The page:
Transportation

Traffic, public transit, congestion, road construction and closures, I-35, MoPac, US 290, US 183, Ben White Blvd, and policy and planning issues related to transportation and mobility in Austin and the Central Texas counties of Travis, Hays, Caldwell, Bastrop and Williamson.

Pavel Mezihorak for KUT

The number of partnerships between public transit agencies and private ridesharing companies like Uber has been booming. Since 2016, at least 27 such programs have sprung up across the country, including one in Central Austin. 

Courtesy of Uber

Researchers at the University of Texas' Cockrell School of Engineering have been tapped to help propel Uber "air taxis" into the sky.

UberAIR – the ride-hailing company's proposed urban aviation program – is set to launch flight demonstrations in Dallas and Los Angeles by 2020. The service is scheduled to be commercially available to riders by 2023. 

Pavel Mezihorak for KUT

Local money alone is not enough to improve public transit and ease traffic congestion in the region, Capital Metro CEO Randy Clarke said at a board of directors meeting Monday.

For years, the region’s transit agency has been working to develop Project Connect, a plan to build a transit network that can move more people faster. Austin City Council members joined the Cap Metro board to explore how to pay for it.

Gabriel C. Pérez / KUT

For 68 years, drivers on Colorado Street in downtown Austin could go only one way: south.

But as of today, that one-directional road officially goes two ways for cars. It’s the hip thing to do.

Hyperloop One

Texas’ Hyperloop dreams are no longer confined to a pipe.

Officials in North Texas plan on putting some money behind an environmental impact study of a 700-mph train between Dallas, Fort Worth and Arlington. That project, ideally, would later expand to a network that would include Austin, as well.

Julia Reihs / KUT

Capital Metro recently ended a pilot program that would improve the way blind people use the bus system. It involves an app that uses voiceover technology to give people real-time transportation information while guiding them step-by-step to the nearest bus stop.

Gabriel C. Pérez / KUT

Apurva Sukthankar picked a good day to take the bus in Austin for the first time – the fare was free and Capital Metro staff were out assisting riders Sunday, the first day of the Cap Remap launch.

Gabriel C. Pérez / KUT

It’s been a few years since East Austin resident Bonnie Hauser sold her car. The librarian's commute is short enough that she usually bikes or walks to work with the Austin Independent School District. When she has a meeting downtown, Hauser takes the No. 17 bus from her neighborhood.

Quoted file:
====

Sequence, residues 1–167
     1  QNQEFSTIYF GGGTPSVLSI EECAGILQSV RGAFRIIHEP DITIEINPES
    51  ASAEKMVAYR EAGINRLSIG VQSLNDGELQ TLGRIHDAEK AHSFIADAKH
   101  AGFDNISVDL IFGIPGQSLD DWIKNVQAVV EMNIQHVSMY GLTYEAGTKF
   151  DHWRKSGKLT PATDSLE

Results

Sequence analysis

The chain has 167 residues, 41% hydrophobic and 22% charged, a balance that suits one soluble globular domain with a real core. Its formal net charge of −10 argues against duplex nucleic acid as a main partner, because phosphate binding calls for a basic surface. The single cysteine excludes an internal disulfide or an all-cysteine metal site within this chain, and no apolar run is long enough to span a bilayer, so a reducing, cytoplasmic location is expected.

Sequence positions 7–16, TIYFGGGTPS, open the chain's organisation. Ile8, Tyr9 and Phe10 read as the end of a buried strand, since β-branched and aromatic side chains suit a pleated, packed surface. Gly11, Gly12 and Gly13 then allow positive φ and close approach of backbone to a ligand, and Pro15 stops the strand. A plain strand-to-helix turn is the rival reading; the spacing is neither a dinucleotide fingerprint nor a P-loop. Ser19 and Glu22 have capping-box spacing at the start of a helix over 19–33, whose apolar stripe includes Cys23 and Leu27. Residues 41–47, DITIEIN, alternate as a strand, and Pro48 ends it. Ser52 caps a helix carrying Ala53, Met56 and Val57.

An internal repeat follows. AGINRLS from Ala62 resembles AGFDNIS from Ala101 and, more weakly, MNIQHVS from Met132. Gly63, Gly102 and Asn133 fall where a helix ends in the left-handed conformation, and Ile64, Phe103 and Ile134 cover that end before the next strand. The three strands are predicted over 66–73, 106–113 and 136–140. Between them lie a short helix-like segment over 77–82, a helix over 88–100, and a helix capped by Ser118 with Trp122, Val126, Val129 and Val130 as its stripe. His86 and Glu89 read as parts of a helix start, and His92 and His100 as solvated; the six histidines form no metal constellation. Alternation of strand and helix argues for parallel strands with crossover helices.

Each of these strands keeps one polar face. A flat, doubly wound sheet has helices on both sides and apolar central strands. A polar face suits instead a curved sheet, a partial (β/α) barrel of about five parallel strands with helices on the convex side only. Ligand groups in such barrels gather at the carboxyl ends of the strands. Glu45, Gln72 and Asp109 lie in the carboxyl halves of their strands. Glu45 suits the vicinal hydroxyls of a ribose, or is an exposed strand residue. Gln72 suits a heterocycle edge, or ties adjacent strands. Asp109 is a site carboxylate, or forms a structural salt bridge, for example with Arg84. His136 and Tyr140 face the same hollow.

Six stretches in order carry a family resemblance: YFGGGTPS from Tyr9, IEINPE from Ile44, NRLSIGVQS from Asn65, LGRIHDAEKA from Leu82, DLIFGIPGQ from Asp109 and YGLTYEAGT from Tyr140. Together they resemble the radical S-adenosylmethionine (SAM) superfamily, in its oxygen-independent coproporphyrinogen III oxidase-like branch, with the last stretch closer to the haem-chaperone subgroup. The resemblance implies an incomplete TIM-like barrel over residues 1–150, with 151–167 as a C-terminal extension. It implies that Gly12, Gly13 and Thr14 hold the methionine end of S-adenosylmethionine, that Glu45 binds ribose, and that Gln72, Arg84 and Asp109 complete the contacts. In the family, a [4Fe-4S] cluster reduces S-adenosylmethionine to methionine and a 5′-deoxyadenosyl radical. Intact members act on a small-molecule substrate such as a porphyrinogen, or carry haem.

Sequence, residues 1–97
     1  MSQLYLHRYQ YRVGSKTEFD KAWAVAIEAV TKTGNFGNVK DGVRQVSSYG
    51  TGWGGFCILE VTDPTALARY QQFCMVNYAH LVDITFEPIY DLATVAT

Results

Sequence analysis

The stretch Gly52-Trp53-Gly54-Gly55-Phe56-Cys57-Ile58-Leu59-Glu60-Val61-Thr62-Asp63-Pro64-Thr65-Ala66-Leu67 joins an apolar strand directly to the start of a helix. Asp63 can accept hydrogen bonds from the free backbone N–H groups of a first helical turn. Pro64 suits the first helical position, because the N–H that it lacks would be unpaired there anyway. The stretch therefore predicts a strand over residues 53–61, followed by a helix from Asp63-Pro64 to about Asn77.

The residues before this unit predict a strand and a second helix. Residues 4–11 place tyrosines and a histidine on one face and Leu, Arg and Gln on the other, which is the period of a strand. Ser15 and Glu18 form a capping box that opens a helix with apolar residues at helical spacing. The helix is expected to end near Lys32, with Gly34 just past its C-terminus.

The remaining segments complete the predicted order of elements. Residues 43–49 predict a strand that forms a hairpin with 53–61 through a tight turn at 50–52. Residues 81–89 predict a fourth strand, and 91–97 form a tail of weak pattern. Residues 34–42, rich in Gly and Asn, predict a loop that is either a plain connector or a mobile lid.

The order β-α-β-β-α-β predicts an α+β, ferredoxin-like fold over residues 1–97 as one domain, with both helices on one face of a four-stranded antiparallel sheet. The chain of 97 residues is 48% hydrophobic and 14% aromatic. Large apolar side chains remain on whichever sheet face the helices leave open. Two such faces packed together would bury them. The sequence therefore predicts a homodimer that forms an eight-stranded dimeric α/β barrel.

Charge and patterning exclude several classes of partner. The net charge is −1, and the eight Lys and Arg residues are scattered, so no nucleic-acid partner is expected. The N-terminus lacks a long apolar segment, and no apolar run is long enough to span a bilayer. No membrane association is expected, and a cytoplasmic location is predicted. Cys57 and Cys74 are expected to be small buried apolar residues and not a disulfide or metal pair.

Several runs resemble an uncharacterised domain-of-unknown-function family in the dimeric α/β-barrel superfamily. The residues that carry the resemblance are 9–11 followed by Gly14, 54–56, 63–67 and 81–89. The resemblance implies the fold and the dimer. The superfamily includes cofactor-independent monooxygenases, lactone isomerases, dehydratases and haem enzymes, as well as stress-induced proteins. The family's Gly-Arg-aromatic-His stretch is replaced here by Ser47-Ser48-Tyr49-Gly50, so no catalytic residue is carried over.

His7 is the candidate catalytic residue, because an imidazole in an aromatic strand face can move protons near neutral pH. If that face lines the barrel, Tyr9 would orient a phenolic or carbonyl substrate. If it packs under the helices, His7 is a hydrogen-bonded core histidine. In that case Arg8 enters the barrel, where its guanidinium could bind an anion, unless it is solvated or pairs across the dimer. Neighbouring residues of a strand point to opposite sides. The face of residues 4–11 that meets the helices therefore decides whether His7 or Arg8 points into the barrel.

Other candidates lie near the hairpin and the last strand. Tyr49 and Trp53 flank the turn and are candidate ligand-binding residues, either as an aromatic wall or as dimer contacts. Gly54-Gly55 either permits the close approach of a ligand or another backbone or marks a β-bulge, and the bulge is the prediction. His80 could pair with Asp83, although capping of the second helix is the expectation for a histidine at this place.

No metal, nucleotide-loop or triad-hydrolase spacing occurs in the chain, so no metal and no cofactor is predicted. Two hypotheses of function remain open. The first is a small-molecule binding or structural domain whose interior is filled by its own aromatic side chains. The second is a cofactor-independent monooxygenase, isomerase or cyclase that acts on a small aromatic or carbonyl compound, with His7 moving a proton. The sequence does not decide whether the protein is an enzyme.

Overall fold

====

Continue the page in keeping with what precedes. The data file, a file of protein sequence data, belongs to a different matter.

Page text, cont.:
Julia Reihs / KUT

Part 3 of a three-part series

A driver hit and killed Judy Romano’s son, Barry Friedman, while he was walking in Austin two years ago.

According to the police report, Friedman tried to cross E. Parmer Lane just before 6 a.m. on July 9, 2016. The driver said Friedman was in the crosswalk even though he didn't have the light to cross. 

Julia Reihs / KUT

Part 1 of a three-part series

Fourteen-year-old Alexei Bauereis had quit the backyard stunts like jumping from trees onto roofs and downhill skateboarding that defined his childhood. He was saving his legs for ballet.

Warning: This story contains allusions to language that some people may find offensive.

Starting at $150 a year, the State of Texas will let you personalize the license plate on your vehicle, but the combination of letters and numbers cannot invoke anything the Texas Department of Motor Vehicles considers to be indecent.

Drive.ai

The booming North Texas city of Frisco is reportedly set to get the nation's first self-driving car service.

The service, reported Monday by The Dallas Morning News, will first be accessible in July for roughly 10,000 employees working in a bevy of corporate offices located less than a mile away from The Star, a retail and dining area that also serves as headquarters for the Dallas Cowboys. The service will also be free for the first six months. 

Gabriel C. Pérez / KUT

Farm-to-market and ranch-to-market roads have helped rural Texans get around since the 1940s. But what happens when these roads become completely surrounded by the city, with fewer ranches and farms on route? The seemingly odd road names caught one listener's curiosity.

Jorge Sanhueza-Lyon / KUT

Dockless vehicle providers now have rules for operating in Austin after a City Council vote early this morning, giving providers a framework to deploy dockless bikes and scooters legally by as soon as next week.

The unanimous vote rolls dockless vehicles into a city ordinance banning abandoned vehicles from blocking rights-of-way like sidewalks and sets up a framework to penalize dockless vehicles operating illegally in Austin.

Gabriel C. Pérez

Austin voters now have a clearer roadmap for a slate of bond-funded projects intended to relieve congestion and improve city infrastructure on a massive scale.